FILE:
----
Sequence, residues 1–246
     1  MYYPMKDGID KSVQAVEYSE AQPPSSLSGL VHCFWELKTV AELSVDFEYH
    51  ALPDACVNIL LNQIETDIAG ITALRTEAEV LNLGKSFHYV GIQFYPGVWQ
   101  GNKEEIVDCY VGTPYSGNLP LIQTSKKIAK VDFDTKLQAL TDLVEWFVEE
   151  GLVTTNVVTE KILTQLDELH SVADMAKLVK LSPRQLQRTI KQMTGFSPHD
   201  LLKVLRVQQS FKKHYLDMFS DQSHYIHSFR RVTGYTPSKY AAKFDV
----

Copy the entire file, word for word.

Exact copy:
Sequence, residues 1–246
     1  MYYPMKDGID KSVQAVEYSE AQPPSSLSGL VHCFWELKTV AELSVDFEYH
    51  ALPDACVNIL LNQIETDIAG ITALRTEAEV LNLGKSFHYV GIQFYPGVWQ
   101  GNKEEIVDCY VGTPYSGNLP LIQTSKKIAK VDFDTKLQAL TDLVEWFVEE
   151  GLVTTNVVTE KILTQLDELH SVADMAKLVK LSPRQLQRTI KQMTGFSPHD
   201  LLKVLRVQQS FKKHYLDMFS DQSHYIHSFR RVTGYTPSKY AAKFDV